On Monday, the European Parliament's committee for International Trade decided to delay the ratification-process of the EU-Moroccan agricultural agreement due to legal ambiguities.
The decision to postpone follows a legal opinion by the Parliament’s lawyers, questioning the agreement's unclear impact on the people of Western Sahara.
More specifically, the legal services raised concern on the fact that it is not clear “whether and how the proposed Agreement will be applied to the territories of Western Sahara and how it will actually benefit the local people”. It is also unclear “whether the further liberalisation of those goods is in accordance with the wishes and interests of the people of Western Sahara”.
"Under these circumstances, it seems appropriate to clarify these questions with the Commission before taking a position on the consent to the conclusion of the proposed Agreement", the opinion concluded.
José Bové, the rapporteur appointed by the international trade committee, has announced he will not draft his report until the European Commission clears up these legal issues.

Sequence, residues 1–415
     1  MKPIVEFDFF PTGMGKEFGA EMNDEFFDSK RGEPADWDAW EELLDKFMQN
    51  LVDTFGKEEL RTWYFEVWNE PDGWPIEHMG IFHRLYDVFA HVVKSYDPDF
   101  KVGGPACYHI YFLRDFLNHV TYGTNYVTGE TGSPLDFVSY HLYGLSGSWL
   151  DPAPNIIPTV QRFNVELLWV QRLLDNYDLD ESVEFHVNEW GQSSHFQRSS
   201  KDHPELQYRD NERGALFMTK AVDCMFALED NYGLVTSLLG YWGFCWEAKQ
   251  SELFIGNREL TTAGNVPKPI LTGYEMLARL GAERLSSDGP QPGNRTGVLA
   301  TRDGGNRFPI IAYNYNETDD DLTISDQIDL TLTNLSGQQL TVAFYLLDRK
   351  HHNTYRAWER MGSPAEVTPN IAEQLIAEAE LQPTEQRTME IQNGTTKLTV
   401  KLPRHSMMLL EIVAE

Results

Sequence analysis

According to a UN Legal Opinion, any economic activity in the Non-Self Governing Territory of Western Sahara requires prior consent of the people of the territory. To date, the EU has not consulted the Saharawi people on any trade agreement with Morocco covering Western Sahara's abundant natural resources.
Both the USA and the EFTA states have specifically excluded Western Sahara from the scope of their free trade agreements with Morocco.
The agreement, which foresees an increased liberalisation of EU imports from Morocco, faces heavy opposition from Southern European agricultural organisations. Especially European tomato-producers fear they will be outcompeted by Morocco’s cheaper exports. An increasing percentage of tomatoes labelled as Moroccan, are grown illegally in the occupied territories of Western Sahara.
What is EU's position on labelling of products from occupied Western Sahara? The EU Commission has now for the third time published a response to a parliamentary question on the matter, but the latest version fails to address the question.
A clarification by the EU Commission on labelling of products from Western Sahara was published, then removed, then published again and has now been removed again from EU websites.
Two weeks ago, the EU Commission announced that products from Western Sahara should be labelled accordingly, only to withdraw that statement the very next day. Today, the Commission reaffirms its original position.
On 5 February 2020, the EU Commission announced that products from Western Sahara should be labelled accordingly. But about 24 hours later, all traces to that statement had been removed from EU websites.